This blog was posted on behalf of Paige Johnson, a scientist by training and a teacher by passion who has devoted the past 20 years to education, curriculum development and professional development. The past 14 of those years have been with Intel, where her current title is Education Strategist. Recently, she has also been providing sabbatical coverage for Brian Gonzalez, Director of Global Education Sales Programs at Intel.
I recently took on a new role that put me in closer touch with countries where technology in education has moved high up on the political agenda. Not all that long ago, governments were asking, “Why should we do this?” and “How do we do this?” Today, a number of countries are recognizing that ensuring that every student has access to computer and the internet is a key to being economically competitive — locally, regionally and globally. These countries are pioneers in ensuring all young people have ubiquitous the ability to develop 21st century skills at an early age.
My new role has given me a deeper understanding of some of the challenges of making a technical infrastructure work seamlessly in lots of different environments. And seamless is important, because you’re not going to get great use of technology in schools unless teachers and students have real access that’s real easy.
But easy is hard. It’s not just about adding technology on top of what you already do. It’s about changing school cultural and teachers’ behavior. It means thinking about instruction in transformative ways to keep pace with the information age. In an ideal world, you’d change the entire educational system at once. You’d deploy computers along with amazing new digital resources, new learning standards, revised testing methods, new approaches to teacher professional development. In the real world — and especially the developing world — you can’t let perfect get in the way of good enough. The leading countries are not letting the goal of perfect hold them back from making progress.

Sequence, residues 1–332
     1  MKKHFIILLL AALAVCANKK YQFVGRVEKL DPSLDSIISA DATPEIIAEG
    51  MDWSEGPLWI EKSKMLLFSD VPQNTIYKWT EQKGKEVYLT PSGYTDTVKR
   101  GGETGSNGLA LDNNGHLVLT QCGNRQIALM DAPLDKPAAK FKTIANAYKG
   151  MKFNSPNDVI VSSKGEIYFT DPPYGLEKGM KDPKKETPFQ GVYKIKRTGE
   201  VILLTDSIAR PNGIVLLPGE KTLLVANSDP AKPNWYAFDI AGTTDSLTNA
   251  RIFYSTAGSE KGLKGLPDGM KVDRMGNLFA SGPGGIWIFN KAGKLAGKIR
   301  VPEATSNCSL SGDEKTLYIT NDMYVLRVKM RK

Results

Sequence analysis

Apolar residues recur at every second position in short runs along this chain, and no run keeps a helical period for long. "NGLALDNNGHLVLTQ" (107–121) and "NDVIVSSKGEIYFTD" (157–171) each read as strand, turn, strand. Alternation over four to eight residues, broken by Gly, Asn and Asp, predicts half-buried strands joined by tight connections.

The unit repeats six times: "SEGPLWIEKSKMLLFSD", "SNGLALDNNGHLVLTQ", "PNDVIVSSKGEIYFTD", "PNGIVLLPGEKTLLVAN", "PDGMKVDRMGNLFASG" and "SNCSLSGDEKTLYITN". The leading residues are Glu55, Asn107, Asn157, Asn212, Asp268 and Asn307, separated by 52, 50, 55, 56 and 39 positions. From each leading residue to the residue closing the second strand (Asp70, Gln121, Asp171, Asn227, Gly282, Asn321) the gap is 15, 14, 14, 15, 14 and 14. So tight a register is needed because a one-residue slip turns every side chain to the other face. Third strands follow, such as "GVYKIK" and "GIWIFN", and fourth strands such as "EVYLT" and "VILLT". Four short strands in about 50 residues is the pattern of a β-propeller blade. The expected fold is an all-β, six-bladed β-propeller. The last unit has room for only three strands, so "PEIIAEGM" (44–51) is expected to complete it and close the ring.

Here’s one thing I’ve observed: When you see large deployments of netbooks in schools, you often find visionary leaders driving those projects. For example, consider Alicia Bañuelos from the Universidad de La Punta in San Luis, Argentina. Alicia is an important leader in the state of San Luis’s effort to provide a netbook to every student in their province. It has taken tremendous effort for this poor rural state to give each student access to a device and the internet and one that Alicia acknowledges has sometime fallen short of ideal. “It’s not going to be perfect. But the only way I know to bootstrap my struggling rural economy into the information age and become globally competitive is through a strong workforce and a great infrastructure to the Internet. It’s worth me taking the risk to make it happen.”
Deployments like these points to a promising trend: Affordable netbooks based on our Intel® Atom™ architecture are opening up a whole new opportunity for governments to invest in another segment of education. Until recently, many countries focused more on integrating technology in higher education and secondary schools, with an emphasis on job skills training and workforce development. Today, affordability of technology and the performance of Atom-based netbooks allow even countries with limited budgets to consider the transformative potential of technology in primary grades. Countries like Macedonia, Georgia and Portugal are not just putting technology into schools but also looking at broadband connectivity to the internet, digitizing their curriculum, and training their teachers to fully take advantage of the devices in schools.
There is a common theme in our conversations with governments around the world. They know that to compete in an information economy, they need to start developing a knowledge-based citizenry much earlier. Our students have to be able to learn how to learn, to think critically and to collaborate across cultures. Having those skills — and the opportunity to practice them — is particularly important in developing countries, where students often leave the education system at younger ages.
• Read more about Intel’s deployments of netbooks in education on Intel’s website.
• Policymakers seeking to create a technology plan for their school system can download a free e-book to help with their planning at the Tech & Learning Website.
• Educators considering the move to a 1:1 computing model can find resources to help at the K-12 Computing Blueprint.